Recital day at Carolina Music Academy is always an exciting time! Practicing is done, and adrenalin is running high. It is time to perform!
At the Academy, recitals are the culmination of all the hard work and practicing our students have done throughout the term. They are a time to do with our music exactly what we should do… share it. Although the students may be a little nervous, recitals are a time when we can strengthen our ability to appear and perform in front of other people. These performance times can also teach students the necessary skills for things like public speaking and social interaction. Recitals take place in December and May of each year and are usually held at St. Martin's-in-the-Fields Episcopal Church. However, some smaller studios use other rooms on the campus. These will be announced as recital times approach. No extra fees are ever charged for recitals. Teachers freely give of their time and the parish of St. Martin's kindly allows the use of the facility.
People attending Carolina Music Academy recital day often ask us what they should wear, or if there's anything they need to know about coming to one of our recitals. So, here's a brief tutorial covering the basic things most people need to know.
First, for performers and parents of performers, formal dress is not required for you or your child. There is no need in getting dressed up and causing more nervousness than the recital itself. So, come dressed in casual Sunday dress, and leave your focus and attention for the music. The same goes for members of the audience.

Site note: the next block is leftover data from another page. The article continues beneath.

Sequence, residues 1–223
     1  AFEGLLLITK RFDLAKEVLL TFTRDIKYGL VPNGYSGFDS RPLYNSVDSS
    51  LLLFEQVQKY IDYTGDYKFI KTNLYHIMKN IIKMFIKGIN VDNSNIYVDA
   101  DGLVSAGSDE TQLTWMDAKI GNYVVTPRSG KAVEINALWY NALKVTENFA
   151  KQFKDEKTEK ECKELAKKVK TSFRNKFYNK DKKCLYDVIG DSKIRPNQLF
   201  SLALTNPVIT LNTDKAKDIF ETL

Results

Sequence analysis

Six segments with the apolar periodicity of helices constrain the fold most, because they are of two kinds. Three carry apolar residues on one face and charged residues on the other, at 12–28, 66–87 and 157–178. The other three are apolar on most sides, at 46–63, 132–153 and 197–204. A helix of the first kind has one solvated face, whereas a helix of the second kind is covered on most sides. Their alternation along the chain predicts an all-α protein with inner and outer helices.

The Basic Recital Dos and Don'ts
- Do turn off all smartphones, pagers, watches that might make noise, etc. The last thing you want is to have everybody in the hall staring at you as you search for an obnoxiously loud ring tone. If, for some reason, you have to have your phone on, put it on silent, not vibrate. Vibrations can still be heard.
- If a piece listed in your program says that it has multiple movements, do not clap between them. We know you get excited, we do too. However, trust us when we say that if you clap between every movement, it's only going to make the recital twice as long. So, hold in your excitement until the end of the piece.
- If at all possible, please don't leave until the end of the recital. Performers need an audience, and if there's no one there by the end, it's not going to give them the training and poise needed to give their best performances. That said, if you absolutely must leave, then please do so only during applause. Because, if you think everyone stared at you for the obnoxious phone, trust us when we say that they will stare at you ten times more if you try to leave the hall "discreetly" in the middle of someone's piece.
- Do not take pictures during the performances. It takes an intense amount of focus for a successful performance. So, ask yourself, before you take that picture, is it really worth possibly being the reason all those months of practice just went out the window? The answer, no. We all get excited and want to take photos, but please wait until afterward.
- Respect the performers. Don't talk during the performance, even if it is to say how much you're enjoying it. Save that for afterward, because the performers want to hear it too. That said, don't be afraid to be engaged with the music. If it moves you, show it. If there's something that makes you laugh, then laugh. Contrary to popular belief, classical music is not meant to be stiff. There was a time when classical concerts were treated the same way as our modern rock ones.